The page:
By now I’m sure many of you have heard that the Ubuntu project is considering creating an Ubuntu derivative featuring the MATE desktop environment. The MATE desktop environment is a fork of the once-popular GNOME 2 desktop environment. GNOME was at one time the default Ubuntu desktop environment before they made the move to Unity. I’ll go ahead and clear any bias out of the way, I do miss GNOME 2, so using MATE has been an awesome experience. I love the simplicity, low resource requirements, and stability of MATE. I should also mention that I like Unity as well. It’s still the default on one of my laptops and it works great on that machine. However, when I’m doing a lot of work, having the more traditional menus and status bar are something I appreciate on my desktop.
Enough about my preferences, however. That would just be an opinion! On to the arguments in support of a MATE derivative of Ubuntu.
Lately there have been some articles such as this one which, like many of my posts here, is an opinion with varying concerns about spreading the project too thin or placing an additional financial burden on the project. My first point should alleviate most of those fears.
1) A MATE derivative of Ubuntu would be a community project
The Ubuntu project is large, and even far larger now than when I used to volunteer for the distribution several years ago. There are many different sub-projects including the derivatives of Xubuntu, Edubuntu, and Kubuntu. All three of those derivatives are purely community projects. They have the benefit of being “official” derivatives with direct access to Ubuntu servers, updates, and the like. However, their development, promotion, and maintenance are all handled by the community. Canonical, beyond the community manager position, must put forth little effort to keep those projects running.
This is not new, and in fact Canonical, the parent company of Ubuntu, removed the Kubuntu derivative from an official status to a community project. For years, Kubuntu held nearly the same development priority and support from Canonical as did Ubuntu. With Canonical’s change in focus to placing Ubuntu on all manner of devices, Canonical made a sensible move and placed the management of the Kubuntu project under the control of the community. The Ubuntu project and its derivatives have a vibrant community and Kubuntu has done well over the past couple of years in their hands. An Ubuntu MATE derivative (Mubuntu? Hopefully not.) would similarly do well as a community project, especially given the rising popularity of the desktop environment.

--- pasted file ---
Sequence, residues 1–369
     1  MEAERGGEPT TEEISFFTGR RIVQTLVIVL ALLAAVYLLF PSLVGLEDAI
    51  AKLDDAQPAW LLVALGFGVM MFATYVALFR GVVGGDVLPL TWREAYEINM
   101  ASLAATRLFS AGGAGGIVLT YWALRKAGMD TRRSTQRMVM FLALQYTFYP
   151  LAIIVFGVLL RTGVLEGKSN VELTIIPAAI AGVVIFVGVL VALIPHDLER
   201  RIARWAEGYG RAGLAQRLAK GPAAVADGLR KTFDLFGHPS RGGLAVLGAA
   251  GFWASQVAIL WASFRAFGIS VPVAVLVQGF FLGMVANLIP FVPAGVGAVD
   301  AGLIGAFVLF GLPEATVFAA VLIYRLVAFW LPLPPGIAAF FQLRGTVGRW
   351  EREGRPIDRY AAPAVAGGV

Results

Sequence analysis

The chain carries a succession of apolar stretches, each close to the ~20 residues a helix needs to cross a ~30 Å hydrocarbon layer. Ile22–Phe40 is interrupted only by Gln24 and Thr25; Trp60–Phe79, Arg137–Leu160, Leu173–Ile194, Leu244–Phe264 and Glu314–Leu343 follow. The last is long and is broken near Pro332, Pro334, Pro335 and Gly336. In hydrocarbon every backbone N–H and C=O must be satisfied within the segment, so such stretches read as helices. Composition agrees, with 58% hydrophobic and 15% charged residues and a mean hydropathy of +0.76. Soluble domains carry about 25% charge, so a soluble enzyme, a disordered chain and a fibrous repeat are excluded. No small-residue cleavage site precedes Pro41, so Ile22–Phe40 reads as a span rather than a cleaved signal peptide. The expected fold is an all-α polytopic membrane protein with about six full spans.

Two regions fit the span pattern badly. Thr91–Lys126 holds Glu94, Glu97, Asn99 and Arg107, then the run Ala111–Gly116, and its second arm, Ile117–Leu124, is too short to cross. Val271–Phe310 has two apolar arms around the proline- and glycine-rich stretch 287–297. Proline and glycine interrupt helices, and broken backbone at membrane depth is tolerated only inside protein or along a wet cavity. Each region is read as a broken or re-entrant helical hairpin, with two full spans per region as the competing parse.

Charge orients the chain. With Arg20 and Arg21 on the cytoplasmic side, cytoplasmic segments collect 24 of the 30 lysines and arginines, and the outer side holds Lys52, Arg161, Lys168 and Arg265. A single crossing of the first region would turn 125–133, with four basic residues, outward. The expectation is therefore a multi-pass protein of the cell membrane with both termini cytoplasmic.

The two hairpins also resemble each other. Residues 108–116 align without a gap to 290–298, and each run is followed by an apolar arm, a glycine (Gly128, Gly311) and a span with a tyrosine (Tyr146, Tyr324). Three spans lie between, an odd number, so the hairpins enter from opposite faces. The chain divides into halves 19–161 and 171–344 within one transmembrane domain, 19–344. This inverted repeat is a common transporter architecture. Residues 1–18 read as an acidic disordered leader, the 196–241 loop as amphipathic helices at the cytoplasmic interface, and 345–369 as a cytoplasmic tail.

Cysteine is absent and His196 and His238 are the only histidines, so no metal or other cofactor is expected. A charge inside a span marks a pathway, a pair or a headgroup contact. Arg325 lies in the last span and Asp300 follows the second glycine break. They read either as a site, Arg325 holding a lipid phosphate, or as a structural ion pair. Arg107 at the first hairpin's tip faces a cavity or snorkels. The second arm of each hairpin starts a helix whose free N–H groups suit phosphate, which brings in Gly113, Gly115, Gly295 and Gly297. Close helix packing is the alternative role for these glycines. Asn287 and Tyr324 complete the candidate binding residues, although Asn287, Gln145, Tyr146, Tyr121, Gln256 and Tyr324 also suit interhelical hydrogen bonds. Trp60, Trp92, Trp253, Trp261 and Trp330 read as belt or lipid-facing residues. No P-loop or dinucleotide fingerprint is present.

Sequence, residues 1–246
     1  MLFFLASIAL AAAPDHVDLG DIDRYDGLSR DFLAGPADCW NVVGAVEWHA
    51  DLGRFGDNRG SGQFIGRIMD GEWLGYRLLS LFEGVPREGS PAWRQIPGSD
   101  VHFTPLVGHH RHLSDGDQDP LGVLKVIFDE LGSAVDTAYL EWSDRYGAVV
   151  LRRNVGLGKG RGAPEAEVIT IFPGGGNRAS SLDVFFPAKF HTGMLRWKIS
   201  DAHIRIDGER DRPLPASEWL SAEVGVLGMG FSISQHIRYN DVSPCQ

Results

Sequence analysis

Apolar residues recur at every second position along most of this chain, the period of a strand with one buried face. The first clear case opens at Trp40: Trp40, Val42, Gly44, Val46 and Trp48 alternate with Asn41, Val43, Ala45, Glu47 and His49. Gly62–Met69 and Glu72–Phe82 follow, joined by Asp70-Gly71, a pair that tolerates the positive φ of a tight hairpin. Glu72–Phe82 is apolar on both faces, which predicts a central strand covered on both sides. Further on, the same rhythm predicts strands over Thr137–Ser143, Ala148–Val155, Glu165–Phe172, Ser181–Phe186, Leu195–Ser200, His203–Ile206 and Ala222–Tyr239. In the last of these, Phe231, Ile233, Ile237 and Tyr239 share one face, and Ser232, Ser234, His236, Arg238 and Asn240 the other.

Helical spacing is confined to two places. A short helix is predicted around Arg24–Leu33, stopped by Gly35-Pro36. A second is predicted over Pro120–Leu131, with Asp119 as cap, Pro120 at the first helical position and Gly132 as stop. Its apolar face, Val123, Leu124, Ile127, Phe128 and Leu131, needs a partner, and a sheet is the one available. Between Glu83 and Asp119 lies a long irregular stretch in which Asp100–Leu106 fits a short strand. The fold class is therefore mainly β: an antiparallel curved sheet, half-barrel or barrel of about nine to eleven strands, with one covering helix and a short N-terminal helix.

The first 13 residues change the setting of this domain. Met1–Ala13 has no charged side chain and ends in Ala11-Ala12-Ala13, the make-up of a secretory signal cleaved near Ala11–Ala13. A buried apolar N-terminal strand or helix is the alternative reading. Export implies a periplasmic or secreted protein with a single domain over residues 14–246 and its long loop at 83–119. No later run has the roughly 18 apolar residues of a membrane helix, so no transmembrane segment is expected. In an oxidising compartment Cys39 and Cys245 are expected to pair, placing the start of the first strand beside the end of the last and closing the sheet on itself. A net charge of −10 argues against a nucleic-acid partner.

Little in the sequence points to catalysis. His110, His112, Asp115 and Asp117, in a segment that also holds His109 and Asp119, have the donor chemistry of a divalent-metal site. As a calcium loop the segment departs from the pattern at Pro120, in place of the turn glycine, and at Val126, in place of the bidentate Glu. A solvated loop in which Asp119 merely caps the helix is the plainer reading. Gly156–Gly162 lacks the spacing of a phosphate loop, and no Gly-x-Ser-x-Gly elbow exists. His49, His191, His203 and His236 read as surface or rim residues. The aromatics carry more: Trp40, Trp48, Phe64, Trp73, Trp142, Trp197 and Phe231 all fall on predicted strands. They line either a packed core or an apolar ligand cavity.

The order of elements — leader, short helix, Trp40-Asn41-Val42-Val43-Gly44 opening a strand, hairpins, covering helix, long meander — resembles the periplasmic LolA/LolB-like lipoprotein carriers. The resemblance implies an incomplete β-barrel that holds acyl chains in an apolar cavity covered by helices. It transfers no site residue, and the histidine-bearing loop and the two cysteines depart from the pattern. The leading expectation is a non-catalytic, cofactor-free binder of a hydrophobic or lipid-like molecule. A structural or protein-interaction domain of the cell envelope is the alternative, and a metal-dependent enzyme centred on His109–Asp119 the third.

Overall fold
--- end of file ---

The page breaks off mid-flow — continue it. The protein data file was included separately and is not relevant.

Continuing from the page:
2) MATE caters to those who still enjoy the classic desktop
In a world devoted to “convergence” even when it doesn’t always make sense, the MATE desktop environment provides a sensible, traditional desktop. To be competitive in the modern desktop environment, there is definitely a place for a mobile-enhanced interface that will work well in promoting the innovative ability of the Linux community. However, I’m one who disagrees with the need for convergence. Take a look at how Microsoft is now going to bring back the Start menu. They realized that a full on mobile interface is not only what customers didn’t want, but also that sometimes the traditional way of finding and opening applications is easier than scrolling through a grid of applications, especially if you’re using a traditional desktop. Scaling-up a mobile interface to work on a 27″ screen just doesn’t make sense. I like using my screen space as a canvas to work from, not as an over-sized tablet or smart phone.
In opposition to this world of convergence is an interface that has been around since I started using Linux in 2005. It’s based on an old concept to be sure, but not only does it work and work well, but it also looks good while doing it. MATE has the traditional setup that includes the basic three menus: Applications, Places, and System. There is a clean notification section that is unobtrusive. The layout provides for a clean, big desktop with enough customization options to make a power user happy. It’s also stable and solid. Practically every application can integrate with it without awkward menu display issues or ugly, out of focus icons sitting in the task bar (fellow Unity users know what I’m talking about). MATE is a good solution for someone who desires a stable, easy to use, get-out-of-your-way desktop. There are other good options out there too, such as LXDE, which incidentally has it’s own community project known as Lubuntu. This brings me to my third point.
3) An Ubuntu MATE derivative is good for the community
As previously mentioned, the Ubuntu project is rather large. Not only is it large but it is also very active which is great news for software projects that become involved with the Ubuntu community. MATE can benefit by having many people who enjoy using Ubuntu — the way it handles software, security, and updates — who would love to have MATE be their default desktop. The community can do great things when it’s passionate about something and there is no doubt in my mind that MATE would benefit from being a part of the Ubuntu family. First there’s the dedicated community searching for bugs and ways to improve the desktop environment. Secondly, MATE would certainly benefit from the amount of attention the project would receive. Being a first-tier Ubuntu derivative brings with it a lot of value for a project. For a humble project like MATE, this provides an effective, safe way to grow their user base.
An Ubuntu MATE derivative would be an excellent addition to the Ubuntu community, and I believe a likewise benefit to the MATE project itself. It’s a win-win for the Linux community and helps round out the Ubuntu family. I know that if the Ubuntu MATE derivative happens, then I will be one of the first to start using it as my primary desktop.